Ironically, although some students have had opportunities to learn denied them due to assessments that assigned them to lower tracks and inferior instruction, it is also true that assessments such as advanced placement exams and the SAT open doors to students. Increasing numbers of females and students of color are taking these tests, using them to gain access to further education.

Assessment can, in the long run, have other positive effects. Assessment reports might emphasize changes in test scores from baseline data, rather than reporting heterogeneous group means, or disaggregate data for students who are learning English, have learning disabilities, or are receiving Title I funds (low-income children). These reports could assuage the community's worries about whether all segments of the student population are progressing and learning. Reports could also help target areas that need special attention. If school reform is spurred by assessment results, then it would be desirable to chart the science progress of students with disabilities, for instance, rather than ignoring these students in science assessment.

Students, Families, and Communities: Attribution Theory

Equity issues begin with the individual student, but each student is, in turn, the developing product of his or her entire community. In discussing a student's progress toward science literacy, as well as the unique skills, abilities, attitudes, and beliefs each child brings to the science classroom, we must equally consider the society, culture, community, and family that help to form that child's constellation of individual characteristics.

Among equity issues, gender and science education has recieved the greatest research attention in the past. Gender issues affect all ethnic groups and every socioeconomic stratum, albeit differentially. Lately, we have begun to see how generalizations about gender and science education that may be true for a White middle class population may operate differently for other ethnic groups or in various socioeconomic strata.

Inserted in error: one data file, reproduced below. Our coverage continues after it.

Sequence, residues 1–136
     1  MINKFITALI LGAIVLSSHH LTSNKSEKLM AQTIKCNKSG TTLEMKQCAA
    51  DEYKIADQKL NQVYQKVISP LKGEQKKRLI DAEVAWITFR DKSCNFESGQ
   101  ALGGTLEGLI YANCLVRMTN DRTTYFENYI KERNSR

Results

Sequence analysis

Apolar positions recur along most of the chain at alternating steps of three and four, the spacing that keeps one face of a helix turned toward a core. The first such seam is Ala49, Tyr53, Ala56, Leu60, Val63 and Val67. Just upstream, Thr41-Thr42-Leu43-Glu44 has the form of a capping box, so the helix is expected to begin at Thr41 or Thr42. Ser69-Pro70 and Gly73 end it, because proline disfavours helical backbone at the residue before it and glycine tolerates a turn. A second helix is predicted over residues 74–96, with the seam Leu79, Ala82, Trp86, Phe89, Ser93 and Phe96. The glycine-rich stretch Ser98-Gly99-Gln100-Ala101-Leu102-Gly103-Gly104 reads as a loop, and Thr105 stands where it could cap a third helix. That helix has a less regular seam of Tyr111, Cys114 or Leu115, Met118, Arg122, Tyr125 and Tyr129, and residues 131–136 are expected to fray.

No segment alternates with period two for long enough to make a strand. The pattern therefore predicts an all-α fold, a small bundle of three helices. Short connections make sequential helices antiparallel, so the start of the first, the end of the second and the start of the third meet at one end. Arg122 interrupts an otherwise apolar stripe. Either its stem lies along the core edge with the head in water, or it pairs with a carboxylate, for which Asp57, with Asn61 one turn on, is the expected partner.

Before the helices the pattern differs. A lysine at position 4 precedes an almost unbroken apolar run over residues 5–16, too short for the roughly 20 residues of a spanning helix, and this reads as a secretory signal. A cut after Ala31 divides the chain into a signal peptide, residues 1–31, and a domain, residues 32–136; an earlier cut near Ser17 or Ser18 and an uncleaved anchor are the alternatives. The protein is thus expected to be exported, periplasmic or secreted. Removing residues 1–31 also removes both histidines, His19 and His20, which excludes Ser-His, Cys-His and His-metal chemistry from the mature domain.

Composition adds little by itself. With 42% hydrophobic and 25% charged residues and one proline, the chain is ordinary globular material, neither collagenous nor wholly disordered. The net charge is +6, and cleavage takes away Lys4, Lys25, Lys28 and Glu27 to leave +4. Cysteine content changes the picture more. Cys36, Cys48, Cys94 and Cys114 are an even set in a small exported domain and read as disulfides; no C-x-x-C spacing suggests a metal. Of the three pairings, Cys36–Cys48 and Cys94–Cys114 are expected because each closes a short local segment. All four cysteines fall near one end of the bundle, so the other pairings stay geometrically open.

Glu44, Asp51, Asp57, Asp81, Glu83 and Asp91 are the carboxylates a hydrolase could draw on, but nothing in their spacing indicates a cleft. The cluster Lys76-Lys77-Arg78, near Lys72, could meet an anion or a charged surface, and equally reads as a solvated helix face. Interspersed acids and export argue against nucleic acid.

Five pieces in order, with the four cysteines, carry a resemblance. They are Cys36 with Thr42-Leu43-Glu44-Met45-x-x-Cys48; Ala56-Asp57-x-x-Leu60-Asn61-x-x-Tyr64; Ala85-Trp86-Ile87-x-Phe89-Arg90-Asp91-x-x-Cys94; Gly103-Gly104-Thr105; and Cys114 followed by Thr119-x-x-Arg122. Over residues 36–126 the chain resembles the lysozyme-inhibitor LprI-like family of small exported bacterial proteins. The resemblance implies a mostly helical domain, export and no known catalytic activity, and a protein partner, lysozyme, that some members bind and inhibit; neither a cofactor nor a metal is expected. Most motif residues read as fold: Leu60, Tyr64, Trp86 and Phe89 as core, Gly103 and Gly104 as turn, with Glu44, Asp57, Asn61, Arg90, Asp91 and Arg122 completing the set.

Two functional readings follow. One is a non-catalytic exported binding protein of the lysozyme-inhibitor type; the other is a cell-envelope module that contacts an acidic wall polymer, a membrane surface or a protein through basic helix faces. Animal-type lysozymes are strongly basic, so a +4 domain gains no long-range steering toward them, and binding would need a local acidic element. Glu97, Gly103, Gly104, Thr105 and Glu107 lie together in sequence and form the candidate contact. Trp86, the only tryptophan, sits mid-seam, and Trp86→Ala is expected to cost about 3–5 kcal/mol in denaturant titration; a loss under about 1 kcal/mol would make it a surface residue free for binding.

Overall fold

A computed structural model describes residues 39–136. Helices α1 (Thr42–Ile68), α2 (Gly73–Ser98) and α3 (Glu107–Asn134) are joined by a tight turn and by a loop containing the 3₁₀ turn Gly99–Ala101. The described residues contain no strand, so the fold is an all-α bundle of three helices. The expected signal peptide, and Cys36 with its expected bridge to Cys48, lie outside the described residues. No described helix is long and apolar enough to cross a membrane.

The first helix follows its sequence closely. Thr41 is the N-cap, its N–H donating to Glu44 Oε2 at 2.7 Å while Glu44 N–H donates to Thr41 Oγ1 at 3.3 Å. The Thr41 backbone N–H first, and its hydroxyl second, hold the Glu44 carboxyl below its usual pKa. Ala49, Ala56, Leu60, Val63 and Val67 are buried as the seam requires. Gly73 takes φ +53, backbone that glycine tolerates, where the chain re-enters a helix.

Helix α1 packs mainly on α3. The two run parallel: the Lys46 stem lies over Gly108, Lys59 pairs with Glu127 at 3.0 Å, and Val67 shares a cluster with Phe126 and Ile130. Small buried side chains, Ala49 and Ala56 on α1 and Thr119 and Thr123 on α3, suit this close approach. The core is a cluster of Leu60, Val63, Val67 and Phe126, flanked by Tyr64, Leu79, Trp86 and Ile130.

Jacque Eccles and her colleagues at the University of Michigan have built and tested a model that explains how social forces act on young women's decisions to study science. They have researched psychological and social factors influencing long- and short-range achievement goals and behaviors, such as career aspirations, vocational and avocational choices, course selections, persistence on difficult tasks, and allocation of effort across various achievement-related activities (Eccles, 1992).

Drawing upon the theoretical and empirical work associated with decision-making, achievement theory, and attribution theory, Eccles and her colleagues have elaborated a model of achievement-related choices. This model links educational, vocational, and other achievement-related choices to two sets of beliefs: the individual's expectations for success and the importance the individual attaches to the various options perceived to be available. The individual's beliefs are formed by cultural norms, experiences, and aptitudes. The psychological processes underlying individual choice are socialized processes that grow out of years of experiences at home, in one's community, and at school. Consequently, society is just as responsible for disparities in these processes as it is responsible for inequities in the experiences provided at school.